Boswellia sacra Flueck

Last updated: 22 June 2017

Scientific Name

Boswellia sacra Flueck


Boswellia carteri Birdw, Boswellia bhaw-dajiana Birdw, Boswellia undulatocrenata (Engl.) Engl, [1]

Vernacular Name

English Frankincense, olibanum-tree [2]
China ru xiang shu [2]
Sweden äkta rökelseträd [2]
Somalia Moxor [2]
Italian Olibano [2]
German Weihrauchbaum, Weihrauchpflanze. [2]
France Oliban, arbre à encens. [2]
Spain Olibán, árbol del incensio. [2]

Geographical Distributions

Boswellia sacra are found in the Middle East and Africa. Most commercial oils are collected from India, Yemen, Eritrea, Ethiopia, Kenya and some from Somalia. The trees have white or pale pink flowers and a gum resin that oozes from the bark and hardens by the sun. Frankincense has an ovoid tear shape and usually a pale yellow colour, sometimes with green, red or blue tinges. [3]  Frankincense has been used since ancient times, even being worth more than gold at some points in history. Some historians believe that the Egyptians travelled by land and sea to collect the frankincense resin as early as 3000 BC. [4]

Botanical Description

B. sacra is a small tree up to 5 m high with 1 or several trunks covered with peeling, papery bark. [5]

The leaves are crowded towards the tips of the thick twigs. Each leaf is divided into 6–8 pairs of oblong leaflets increasing in size towards the top of the leaf which is tipped by a single, largest leaflet. The leaflets all have distinctive, wavy margins and are hairy, very densely so on the underside. [5]

The flowers are also borne at the tips of the twigs. They are loosely grouped into long, slender spikes, have five white petals and a central disc which turns from yellow to red or black as the fruit develops. [5]

The fruit is a capsule with 3–5 longitudinal wings and opens by means of 3–5 valves, each releasing a single seed. [5]


No documentation

Chemical Constituent

The chemical constituents vary depending upon the source, extraction methods used and manner/time of harvesting of the oleoresin. The oil consists primarily of terpene hydrocarbons. In general, the following represent the constituents identified in oils from the Middle East which are α-thujene,
α-pinene, camphene, limonene, verbenone, octanol, octyl acetate, incensol. [6][7]

Plant Part Used

Bark of the trunk and branches of the tree, from which the gum-resin exudes. [8]

Traditional Use

In its resin form, B. sacra has been used to treat wounds and rheumatoid arthritis for centuries. [9][10] This is mostly due to its anti-inflammatory action. [9] Inhalation and topical application are appropriate for stimulating a weakened immune system. Inhalation may also be used for depression. [6]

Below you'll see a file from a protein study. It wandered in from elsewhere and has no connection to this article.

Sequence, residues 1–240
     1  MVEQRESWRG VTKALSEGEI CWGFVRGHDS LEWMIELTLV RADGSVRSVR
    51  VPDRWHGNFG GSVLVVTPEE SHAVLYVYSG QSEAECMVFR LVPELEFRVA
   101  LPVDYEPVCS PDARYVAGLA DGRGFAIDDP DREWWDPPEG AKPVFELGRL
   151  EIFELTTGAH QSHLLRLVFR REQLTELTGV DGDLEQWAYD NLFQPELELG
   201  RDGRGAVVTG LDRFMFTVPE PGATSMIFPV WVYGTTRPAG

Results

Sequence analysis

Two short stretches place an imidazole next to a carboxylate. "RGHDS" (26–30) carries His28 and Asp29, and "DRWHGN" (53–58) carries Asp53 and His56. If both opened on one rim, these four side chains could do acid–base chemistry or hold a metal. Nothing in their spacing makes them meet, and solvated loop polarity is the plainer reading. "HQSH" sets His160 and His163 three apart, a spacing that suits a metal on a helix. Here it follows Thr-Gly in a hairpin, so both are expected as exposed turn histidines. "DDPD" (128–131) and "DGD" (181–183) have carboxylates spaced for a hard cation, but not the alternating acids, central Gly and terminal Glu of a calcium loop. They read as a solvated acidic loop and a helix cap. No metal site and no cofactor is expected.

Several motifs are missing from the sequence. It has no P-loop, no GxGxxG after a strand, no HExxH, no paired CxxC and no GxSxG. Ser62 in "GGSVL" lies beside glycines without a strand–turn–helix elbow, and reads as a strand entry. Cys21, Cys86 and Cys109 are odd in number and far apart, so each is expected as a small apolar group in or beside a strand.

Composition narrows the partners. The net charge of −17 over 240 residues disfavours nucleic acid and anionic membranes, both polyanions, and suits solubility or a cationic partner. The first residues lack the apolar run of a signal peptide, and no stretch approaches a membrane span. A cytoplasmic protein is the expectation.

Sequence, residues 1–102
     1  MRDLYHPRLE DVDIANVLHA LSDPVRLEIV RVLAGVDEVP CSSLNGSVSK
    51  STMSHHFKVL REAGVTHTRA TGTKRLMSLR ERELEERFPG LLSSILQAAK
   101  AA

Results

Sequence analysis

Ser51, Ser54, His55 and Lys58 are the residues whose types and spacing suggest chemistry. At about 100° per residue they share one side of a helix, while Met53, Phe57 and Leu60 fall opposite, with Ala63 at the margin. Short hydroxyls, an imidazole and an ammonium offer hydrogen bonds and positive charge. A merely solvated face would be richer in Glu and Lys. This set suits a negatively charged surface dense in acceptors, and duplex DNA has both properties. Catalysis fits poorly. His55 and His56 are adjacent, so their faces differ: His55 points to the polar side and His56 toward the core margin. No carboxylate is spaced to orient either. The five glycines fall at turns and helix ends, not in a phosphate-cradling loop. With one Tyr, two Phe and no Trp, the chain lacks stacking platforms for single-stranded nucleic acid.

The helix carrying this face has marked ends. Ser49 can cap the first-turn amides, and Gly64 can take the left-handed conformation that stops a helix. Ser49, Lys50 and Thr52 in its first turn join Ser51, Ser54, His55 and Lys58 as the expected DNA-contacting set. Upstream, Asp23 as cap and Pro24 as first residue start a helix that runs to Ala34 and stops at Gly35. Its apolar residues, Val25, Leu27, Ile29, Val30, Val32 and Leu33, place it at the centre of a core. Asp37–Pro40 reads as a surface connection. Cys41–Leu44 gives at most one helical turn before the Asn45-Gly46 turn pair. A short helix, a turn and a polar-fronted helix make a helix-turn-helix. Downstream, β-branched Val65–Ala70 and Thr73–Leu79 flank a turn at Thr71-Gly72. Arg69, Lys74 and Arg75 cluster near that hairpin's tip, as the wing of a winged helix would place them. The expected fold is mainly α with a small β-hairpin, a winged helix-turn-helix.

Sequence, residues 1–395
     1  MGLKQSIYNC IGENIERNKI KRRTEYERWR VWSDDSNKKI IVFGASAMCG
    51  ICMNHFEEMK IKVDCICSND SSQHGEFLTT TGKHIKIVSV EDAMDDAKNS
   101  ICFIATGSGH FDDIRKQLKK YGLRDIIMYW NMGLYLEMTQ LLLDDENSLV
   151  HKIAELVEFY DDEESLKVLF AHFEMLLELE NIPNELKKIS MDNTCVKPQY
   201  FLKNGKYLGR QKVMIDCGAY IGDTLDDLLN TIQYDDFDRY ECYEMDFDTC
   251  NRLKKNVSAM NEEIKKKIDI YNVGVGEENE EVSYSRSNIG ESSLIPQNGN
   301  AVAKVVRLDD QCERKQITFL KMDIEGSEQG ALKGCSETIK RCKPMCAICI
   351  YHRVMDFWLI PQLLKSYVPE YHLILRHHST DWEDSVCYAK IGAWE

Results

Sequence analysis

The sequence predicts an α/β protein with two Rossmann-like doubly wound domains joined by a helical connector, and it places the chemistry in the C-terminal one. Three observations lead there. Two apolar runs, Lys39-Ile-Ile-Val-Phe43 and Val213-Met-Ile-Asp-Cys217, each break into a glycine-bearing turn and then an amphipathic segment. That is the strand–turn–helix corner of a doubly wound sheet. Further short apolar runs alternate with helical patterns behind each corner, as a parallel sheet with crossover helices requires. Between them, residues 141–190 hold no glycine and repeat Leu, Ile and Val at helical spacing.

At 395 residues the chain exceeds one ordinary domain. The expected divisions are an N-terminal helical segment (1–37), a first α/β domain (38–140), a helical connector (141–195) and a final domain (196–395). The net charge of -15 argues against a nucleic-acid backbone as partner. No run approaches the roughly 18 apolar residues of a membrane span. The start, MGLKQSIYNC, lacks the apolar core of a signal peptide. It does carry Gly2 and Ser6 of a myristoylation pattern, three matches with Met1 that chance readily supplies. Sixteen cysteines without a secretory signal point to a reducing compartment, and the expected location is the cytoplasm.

B. sacra has been used throughout the world, mostly in the Middle East and Africa, for religious purposes and as a beauty treatment. It has been used to treat asthmatic bronchitis, depression, mental fatigue, stress, respiratory and bronchial infections. There is little scientific evidence for these traditional uses, however since the oil has been used and valued so highly for thousands of years, it is likely that the fragrance is suitable for relaxation and/or meditation and possibly a central nervous system stimuli. [7][7]

Preclinical Data


B. sacra have been reported to stimulate the immune system,
as a antimicrobial, antifungal, anti-inflammatory. [9][10][11][12][13]


No documentation

Clinical Data

No documentation


There are not any documented adverse reactions to Frankincense, and it is considered to be safe for various uses. However it should be used with caution in those with sensitive skin as should all essential oils. [14]


No documentation


No documentation

Poisonous Management

No documentation

Line drawing

No documentation


  1. The Plant List. Ver1.1. Boswellia sacra Flueck. [homepage on the Internet]. c2013 [updated 2012 Mar 23; cited 2017 June 22]. Available from:
  2. Catalogue of Life. World Plants: Synonymic Checklists of the Vascular Plants of the World. Boswellia sacra Flueck. (Maingay ex C.B.Clarke) K.M.Wong & Sugumaran. [homepage on the Internet]. c2015 [updated 2017 Feb 14; cited 2017 June 22] Available from:
  3. Greene DA. Gold, frankincense, myrrh and medicine. J N C Med. 1993;54(12):620-622.
  4. Michie CA, Cooper E. Frankincense and myrrh as remedies in children. J R Soc Med. 1991;84(10):602-605.
  5. Encyclopedia of Life. Boswellia sacra Flueck. Frankincense. [homepage on the Internet]. No date [cited 2017 June 22]. Available from:
  6. Schnaubelt K. Advanced aromatherapy: the science of essential oil therapy. Healing Arts Press; 1995.
  7. Lis-Balchin M. Aromatherapy science. London: Pharmaceutical Press; 2006.
  8. Encyclopedia of Life. Boswellia sacra Flueck. Frankincense. [homepage on the Internet]. No date [cited 2017 June 22]. Available from:
  9. Moussaieff A. Incensole acetate: a novel neuroprotective agent isolated from Boswellia carterii. J Cereb Blood Flow Metab. 2008;28(7):1341-1352.
  10. Banno N. Anti-inflammatory activities of the triterpene acids from the resin of Boswellia carterii. J Ethnopharmacol. 2006;107(2):249-253.
  11. Schillaci D. In vitro anti-biofilm activity of Boswellia spp. oleogum resin essential oils. Lett Appl Microbiol. 2008;47(5):433-438.
  12. Camarda L. Chemical composition and antimicrobial activity of some oleogum resin essential oils from Boswellia spp. (Burseraceae). Ann Chim. 2007;97(9):837-844.
  13. Mikhaeil BR. Chemistry and immunomodulatory activity of frankincense oil. Z Naturforsch [C]. 2003;58(3-4):230-238.
  14. McGuffin M, Hobbs C, Upton R, Goldberg A. Botanical safety handbook. Boca Raton: CRC Press; 1997.